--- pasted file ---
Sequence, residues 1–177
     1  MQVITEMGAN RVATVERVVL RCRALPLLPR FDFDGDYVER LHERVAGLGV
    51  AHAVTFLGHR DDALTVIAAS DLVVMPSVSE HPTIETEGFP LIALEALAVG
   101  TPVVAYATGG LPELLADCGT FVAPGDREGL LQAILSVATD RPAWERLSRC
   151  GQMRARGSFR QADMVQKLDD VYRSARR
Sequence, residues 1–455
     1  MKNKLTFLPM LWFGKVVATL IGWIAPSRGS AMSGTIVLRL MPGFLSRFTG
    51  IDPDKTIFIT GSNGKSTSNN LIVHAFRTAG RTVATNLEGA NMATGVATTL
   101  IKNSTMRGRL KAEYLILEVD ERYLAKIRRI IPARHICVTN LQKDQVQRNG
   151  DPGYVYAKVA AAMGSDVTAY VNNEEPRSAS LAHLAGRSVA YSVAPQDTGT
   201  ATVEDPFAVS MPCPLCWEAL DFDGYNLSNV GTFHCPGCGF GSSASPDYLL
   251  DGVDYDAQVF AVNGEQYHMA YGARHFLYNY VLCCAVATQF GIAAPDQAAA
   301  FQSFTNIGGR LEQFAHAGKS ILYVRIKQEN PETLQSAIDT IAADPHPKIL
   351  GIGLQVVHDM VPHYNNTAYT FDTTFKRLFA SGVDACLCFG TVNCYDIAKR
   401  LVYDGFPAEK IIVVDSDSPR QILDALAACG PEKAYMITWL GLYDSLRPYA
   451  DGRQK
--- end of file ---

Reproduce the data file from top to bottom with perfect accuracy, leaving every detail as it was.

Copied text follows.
Sequence, residues 1–177
     1  MQVITEMGAN RVATVERVVL RCRALPLLPR FDFDGDYVER LHERVAGLGV
    51  AHAVTFLGHR DDALTVIAAS DLVVMPSVSE HPTIETEGFP LIALEALAVG
   101  TPVVAYATGG LPELLADCGT FVAPGDREGL LQAILSVATD RPAWERLSRC
   151  GQMRARGSFR QADMVQKLDD VYRSARR
Sequence, residues 1–455
     1  MKNKLTFLPM LWFGKVVATL IGWIAPSRGS AMSGTIVLRL MPGFLSRFTG
    51  IDPDKTIFIT GSNGKSTSNN LIVHAFRTAG RTVATNLEGA NMATGVATTL
   101  IKNSTMRGRL KAEYLILEVD ERYLAKIRRI IPARHICVTN LQKDQVQRNG
   151  DPGYVYAKVA AAMGSDVTAY VNNEEPRSAS LAHLAGRSVA YSVAPQDTGT
   201  ATVEDPFAVS MPCPLCWEAL DFDGYNLSNV GTFHCPGCGF GSSASPDYLL
   251  DGVDYDAQVF AVNGEQYHMA YGARHFLYNY VLCCAVATQF GIAAPDQAAA
   301  FQSFTNIGGR LEQFAHAGKS ILYVRIKQEN PETLQSAIDT IAADPHPKIL
   351  GIGLQVVHDM VPHYNNTAYT FDTTFKRLFA SGVDACLCFG TVNCYDIAKR
   401  LVYDGFPAEK IIVVDSDSPR QILDALAACG PEKAYMITWL GLYDSLRPYA
   451  DGRQK